Mitt in "Mitt," Or, the Battle in the Candidate's Mind
[F]or viewers who follow politics closely, especially for Republicans who desperately wanted to defeat Barack Obama, there is a revelation in "Mitt" that is not just unexpected but deeply disheartening. At a critical moment in the campaign -- the two weeks in October encompassing the first and second general election debates -- the Romney portrayed in "Mitt" struggled with a nagging pessimism and defeatism, unable to draw confidence even from a decisive initial debate victory over President Obama. Deep down inside, the Romney seen onscreen in "Mitt" seems almost resigned to losing to Obama....
"He'll be better next time," Ann said, as always trying to build her husband's confidence. "But you can be better next time, too."
Romney wasn't buying it. Instead, he went into an extended monologue on how his father, former Michigan Gov. George Romney, was a better man than he will ever be. As he spoke, Romney held the notes he had made during the debate (candidates are not allowed to bring any notes with them to the stage, but are allowed to make them during the debate). Romney pointed out that in every debate he began by writing "Dad" at the top of the paper.
"That's what I start with: 'Dad,'" Romney explained. "I always think about Dad and about I am standing on his shoulders. I would not be there, there's no way I would be able to be running for president, if Dad hadn't done what Dad did. He's the real deal …"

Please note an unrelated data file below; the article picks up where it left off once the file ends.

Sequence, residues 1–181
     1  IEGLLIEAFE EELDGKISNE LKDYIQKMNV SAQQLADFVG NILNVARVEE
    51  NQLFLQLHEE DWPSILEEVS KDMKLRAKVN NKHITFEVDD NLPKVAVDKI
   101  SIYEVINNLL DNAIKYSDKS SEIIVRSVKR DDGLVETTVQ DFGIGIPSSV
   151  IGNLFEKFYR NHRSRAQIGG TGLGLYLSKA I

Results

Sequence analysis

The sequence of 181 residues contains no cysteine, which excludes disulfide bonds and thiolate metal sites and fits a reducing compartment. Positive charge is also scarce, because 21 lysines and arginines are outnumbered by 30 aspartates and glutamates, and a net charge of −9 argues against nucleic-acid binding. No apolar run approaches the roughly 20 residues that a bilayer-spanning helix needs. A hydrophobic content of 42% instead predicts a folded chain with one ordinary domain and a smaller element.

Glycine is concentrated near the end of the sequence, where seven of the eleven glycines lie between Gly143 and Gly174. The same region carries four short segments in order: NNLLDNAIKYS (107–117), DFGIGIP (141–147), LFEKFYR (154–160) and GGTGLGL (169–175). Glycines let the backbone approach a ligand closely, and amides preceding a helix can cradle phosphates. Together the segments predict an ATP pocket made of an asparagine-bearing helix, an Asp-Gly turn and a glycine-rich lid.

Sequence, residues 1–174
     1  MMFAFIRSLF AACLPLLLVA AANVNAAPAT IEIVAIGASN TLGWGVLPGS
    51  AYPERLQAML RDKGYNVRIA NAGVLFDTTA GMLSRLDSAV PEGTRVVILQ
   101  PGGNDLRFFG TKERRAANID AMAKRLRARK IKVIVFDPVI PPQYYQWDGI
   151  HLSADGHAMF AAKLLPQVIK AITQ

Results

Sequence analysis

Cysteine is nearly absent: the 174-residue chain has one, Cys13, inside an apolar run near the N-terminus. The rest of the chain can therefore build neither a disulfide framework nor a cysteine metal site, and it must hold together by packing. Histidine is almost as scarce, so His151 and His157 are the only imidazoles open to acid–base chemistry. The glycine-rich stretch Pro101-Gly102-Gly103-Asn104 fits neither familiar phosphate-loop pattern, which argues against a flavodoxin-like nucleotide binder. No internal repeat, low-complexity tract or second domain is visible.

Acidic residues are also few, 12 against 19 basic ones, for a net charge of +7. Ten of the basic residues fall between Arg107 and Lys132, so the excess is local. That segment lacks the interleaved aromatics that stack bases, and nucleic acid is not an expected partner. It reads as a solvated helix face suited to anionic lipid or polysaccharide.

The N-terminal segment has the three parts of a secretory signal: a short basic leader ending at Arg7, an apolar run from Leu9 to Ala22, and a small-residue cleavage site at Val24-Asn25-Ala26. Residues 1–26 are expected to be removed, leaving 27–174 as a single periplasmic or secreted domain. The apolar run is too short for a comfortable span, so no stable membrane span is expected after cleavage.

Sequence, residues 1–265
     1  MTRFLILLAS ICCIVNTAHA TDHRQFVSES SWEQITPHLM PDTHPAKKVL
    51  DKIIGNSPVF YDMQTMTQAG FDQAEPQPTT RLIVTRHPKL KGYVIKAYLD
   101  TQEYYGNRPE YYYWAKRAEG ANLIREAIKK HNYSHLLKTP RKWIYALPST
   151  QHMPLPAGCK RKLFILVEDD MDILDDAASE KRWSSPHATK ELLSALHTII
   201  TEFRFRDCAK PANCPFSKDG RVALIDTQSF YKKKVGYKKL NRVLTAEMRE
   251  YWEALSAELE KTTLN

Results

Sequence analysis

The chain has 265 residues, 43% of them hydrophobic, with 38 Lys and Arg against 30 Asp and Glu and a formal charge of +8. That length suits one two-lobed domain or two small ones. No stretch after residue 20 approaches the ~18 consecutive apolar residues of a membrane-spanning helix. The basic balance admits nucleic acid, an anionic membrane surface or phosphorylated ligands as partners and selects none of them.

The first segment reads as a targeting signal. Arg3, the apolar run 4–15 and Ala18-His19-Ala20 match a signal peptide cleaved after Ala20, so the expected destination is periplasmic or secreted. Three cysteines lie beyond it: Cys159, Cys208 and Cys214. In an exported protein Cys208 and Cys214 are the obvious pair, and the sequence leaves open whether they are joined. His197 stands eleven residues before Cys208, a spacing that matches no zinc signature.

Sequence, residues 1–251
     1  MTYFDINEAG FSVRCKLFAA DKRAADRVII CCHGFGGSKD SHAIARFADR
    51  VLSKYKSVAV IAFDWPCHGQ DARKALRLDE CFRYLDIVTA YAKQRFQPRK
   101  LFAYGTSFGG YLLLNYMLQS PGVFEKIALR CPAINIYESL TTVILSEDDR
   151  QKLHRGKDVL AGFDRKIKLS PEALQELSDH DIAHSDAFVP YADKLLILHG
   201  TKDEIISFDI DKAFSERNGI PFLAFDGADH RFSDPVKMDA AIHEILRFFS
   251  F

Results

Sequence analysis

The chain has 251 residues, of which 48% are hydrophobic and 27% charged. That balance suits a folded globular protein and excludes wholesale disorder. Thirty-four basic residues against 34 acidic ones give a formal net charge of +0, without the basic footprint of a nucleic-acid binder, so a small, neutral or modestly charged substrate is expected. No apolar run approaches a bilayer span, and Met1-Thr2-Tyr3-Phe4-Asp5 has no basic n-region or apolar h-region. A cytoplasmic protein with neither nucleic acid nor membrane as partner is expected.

Mitt Romney is an enormously accomplished man, both in private business and public service. He won his party's nomination for president. And he had just decisively beaten the sitting president in perhaps the most important moment of the campaign. And his reaction to that impressive victory was that 1) it was a fluke, a one-time deal; and 2) his father would have done better....
[T]he old lack of confidence came out again as Romney [addressing the staff at campaign headquarters the day after the election] suggested he never felt comfortable in the race. He passed on something someone at headquarters had told him: "In some ways, we kind of had to steal the Republican nomination. Our party is Southern, evangelical and populist. And you're Northern, and you're Mormon, and you're rich. And these do not match well with our party."
A candidate who did not believe he could beat the president in debate, who always felt second-best to his father, who believed the country was moving away from him, and who didn't even feel at home in his own party. The Romney campaign faced many uphill battles in the 2012 campaign. "Mitt" shows us that some of the most intense were in the candidate's mind.